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Consistency

Consistency

Tue, 2017-01-17 09:46

I was watching some Ice Hockey highlights on ESPN last night  and I started thinking. Spectacular performances will get an athlete on the highlight reel. But it is consistency that wins championships. ESPN was showing some amazing saves and equally amazing shots. What I realized was that the athletes performing these amazing feats were almost all  on teams who were not really going to contend for a spot in the play offs. The best teams are the ones who had the most consistency from top to bottom. 

In gymnastics it is my experience that consistency is rewarded over spectacular.  A spectacular bar routine in February or an amazing vault in March may get noticed in your local news or make your own personal highlight reel  but consistency will most likely get you to nationals. It is the gymnast who shows up for every training session with their head in the game who will likely perform at a consistent level and may even rise to the occasion when necessary. The athlete who is great one day, does not show up mentally the next and pouts the next may perform at a spectacular level once or twice but overall they will disappoint and fall short.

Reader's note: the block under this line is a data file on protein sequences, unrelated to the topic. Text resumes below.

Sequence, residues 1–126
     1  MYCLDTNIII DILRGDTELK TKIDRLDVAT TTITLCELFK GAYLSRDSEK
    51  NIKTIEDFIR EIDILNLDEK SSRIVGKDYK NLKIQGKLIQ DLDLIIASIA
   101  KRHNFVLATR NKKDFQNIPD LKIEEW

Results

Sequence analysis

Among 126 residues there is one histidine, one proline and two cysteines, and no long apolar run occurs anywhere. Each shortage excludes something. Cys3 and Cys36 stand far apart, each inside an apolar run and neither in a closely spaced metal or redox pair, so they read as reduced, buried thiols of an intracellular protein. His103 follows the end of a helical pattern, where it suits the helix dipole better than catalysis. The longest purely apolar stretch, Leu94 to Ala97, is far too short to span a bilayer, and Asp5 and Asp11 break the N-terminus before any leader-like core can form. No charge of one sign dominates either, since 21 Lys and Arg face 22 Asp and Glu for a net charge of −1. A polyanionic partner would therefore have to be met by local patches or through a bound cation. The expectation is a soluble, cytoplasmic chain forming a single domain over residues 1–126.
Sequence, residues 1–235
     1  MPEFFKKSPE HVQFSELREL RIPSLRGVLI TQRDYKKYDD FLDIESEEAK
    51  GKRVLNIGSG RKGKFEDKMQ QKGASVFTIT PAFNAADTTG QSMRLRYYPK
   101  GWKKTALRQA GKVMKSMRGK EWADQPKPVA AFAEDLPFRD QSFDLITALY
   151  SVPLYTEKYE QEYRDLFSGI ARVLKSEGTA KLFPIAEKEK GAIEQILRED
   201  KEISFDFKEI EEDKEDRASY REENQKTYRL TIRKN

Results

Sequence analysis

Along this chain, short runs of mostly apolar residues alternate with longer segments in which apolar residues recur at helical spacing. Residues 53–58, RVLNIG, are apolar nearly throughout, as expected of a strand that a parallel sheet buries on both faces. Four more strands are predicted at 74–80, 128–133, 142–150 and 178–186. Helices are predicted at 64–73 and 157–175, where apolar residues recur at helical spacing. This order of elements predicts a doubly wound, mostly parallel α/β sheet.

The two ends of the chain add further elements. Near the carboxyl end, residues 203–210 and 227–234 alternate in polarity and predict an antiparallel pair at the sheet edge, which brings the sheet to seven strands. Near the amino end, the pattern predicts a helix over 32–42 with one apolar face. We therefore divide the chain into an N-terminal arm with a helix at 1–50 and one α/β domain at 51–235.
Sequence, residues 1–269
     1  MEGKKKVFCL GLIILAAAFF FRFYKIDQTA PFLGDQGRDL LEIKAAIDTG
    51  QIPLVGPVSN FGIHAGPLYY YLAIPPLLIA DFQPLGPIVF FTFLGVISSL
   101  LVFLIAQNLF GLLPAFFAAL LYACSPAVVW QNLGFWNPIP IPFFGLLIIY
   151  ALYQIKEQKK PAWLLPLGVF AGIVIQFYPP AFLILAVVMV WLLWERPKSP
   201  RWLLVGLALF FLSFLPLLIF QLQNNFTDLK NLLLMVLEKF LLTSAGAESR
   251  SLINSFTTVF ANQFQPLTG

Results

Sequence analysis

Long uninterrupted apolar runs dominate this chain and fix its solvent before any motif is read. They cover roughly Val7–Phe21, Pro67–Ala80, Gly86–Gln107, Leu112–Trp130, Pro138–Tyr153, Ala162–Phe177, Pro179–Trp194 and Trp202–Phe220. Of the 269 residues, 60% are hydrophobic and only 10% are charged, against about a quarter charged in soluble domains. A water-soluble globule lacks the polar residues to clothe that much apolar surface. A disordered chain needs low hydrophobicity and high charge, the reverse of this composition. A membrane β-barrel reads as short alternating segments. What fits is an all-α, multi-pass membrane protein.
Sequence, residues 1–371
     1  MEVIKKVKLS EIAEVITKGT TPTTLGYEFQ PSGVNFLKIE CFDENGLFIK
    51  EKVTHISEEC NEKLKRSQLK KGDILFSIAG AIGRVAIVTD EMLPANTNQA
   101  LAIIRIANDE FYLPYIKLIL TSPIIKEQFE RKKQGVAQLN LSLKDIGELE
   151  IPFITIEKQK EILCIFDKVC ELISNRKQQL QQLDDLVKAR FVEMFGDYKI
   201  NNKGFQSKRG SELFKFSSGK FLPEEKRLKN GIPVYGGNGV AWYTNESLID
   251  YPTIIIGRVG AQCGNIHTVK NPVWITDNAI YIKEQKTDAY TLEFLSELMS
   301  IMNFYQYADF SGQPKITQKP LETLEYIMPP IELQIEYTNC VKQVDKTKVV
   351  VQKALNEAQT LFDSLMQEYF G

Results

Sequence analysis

As coaches we must find ways to reward and reinforce consistency. It’s too easy to get caught up in the spectacular. Coaches also must also be consistent. It is imperative to maintain an even temperament from day to day. If you are not consistent in your behavior and actions how can you expect the athletes to be consistent? 

Every day when you walk into the gym you need to have a plan (and a possible back up). Sometimes your plan can be, “We just returned from a weekend of competition with a lot of travel. Let’s start slow and see where we end up”. The gymnasts in your program need to be able to count on you Day in and Day out. They need to know that you have a plan that will help them succeed. 

I have seen some very passionate coaches fall short of their potential because of lack of consistency.  What is funny today must be funny tomorrow. Your expectations need to also be the same. You may need to take the time to explain to your gymnasts when expectations are increasing (You might be happy with a hit routine in October but that same routine in February has too many deductions for you to be happy with). 

Now is the time to remain consistent. 

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  • I was watching some Ice Hockey highlights on ESPN last night  and I started thinking.

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